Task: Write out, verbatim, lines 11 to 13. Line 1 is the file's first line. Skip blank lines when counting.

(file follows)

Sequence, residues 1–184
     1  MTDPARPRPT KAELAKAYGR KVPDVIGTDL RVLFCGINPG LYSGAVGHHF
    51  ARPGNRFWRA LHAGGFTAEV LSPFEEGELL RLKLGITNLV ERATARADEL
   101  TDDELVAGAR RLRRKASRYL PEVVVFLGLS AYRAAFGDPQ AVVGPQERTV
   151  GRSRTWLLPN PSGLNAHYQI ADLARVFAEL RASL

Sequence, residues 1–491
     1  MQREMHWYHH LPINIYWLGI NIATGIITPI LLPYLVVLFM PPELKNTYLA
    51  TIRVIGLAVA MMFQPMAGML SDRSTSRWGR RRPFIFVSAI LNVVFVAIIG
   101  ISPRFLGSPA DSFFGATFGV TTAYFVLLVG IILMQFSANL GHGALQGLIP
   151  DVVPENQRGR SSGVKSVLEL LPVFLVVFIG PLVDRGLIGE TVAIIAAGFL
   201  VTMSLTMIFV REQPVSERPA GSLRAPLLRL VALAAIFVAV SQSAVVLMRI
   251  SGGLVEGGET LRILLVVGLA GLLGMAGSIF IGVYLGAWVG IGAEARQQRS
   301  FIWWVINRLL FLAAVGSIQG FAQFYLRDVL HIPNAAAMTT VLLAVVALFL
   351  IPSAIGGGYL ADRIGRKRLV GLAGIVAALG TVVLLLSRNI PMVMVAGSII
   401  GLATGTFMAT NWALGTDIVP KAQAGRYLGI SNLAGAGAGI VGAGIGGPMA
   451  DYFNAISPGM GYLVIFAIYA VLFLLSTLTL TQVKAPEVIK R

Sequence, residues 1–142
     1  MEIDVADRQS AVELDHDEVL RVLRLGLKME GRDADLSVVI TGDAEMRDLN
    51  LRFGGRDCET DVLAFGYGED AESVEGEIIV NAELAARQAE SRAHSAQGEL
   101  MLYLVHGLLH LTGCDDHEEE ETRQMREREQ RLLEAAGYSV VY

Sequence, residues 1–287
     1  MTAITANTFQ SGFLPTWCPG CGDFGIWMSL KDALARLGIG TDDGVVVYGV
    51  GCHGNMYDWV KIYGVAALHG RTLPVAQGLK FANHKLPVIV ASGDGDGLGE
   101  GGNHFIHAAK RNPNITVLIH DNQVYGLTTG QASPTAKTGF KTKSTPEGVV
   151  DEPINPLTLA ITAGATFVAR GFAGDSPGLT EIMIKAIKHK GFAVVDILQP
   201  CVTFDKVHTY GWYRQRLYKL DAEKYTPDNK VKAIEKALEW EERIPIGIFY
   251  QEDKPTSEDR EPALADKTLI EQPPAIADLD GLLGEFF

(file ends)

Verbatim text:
   201  VTMSLTMIFV REQPVSERPA GSLRAPLLRL VALAAIFVAV SQSAVVLMRI
   251  SGGLVEGGET LRILLVVGLA GLLGMAGSIF IGVYLGAWVG IGAEARQQRS
   301  FIWWVINRLL FLAAVGSIQG FAQFYLRDVL HIPNAAAMTT VLLAVVALFL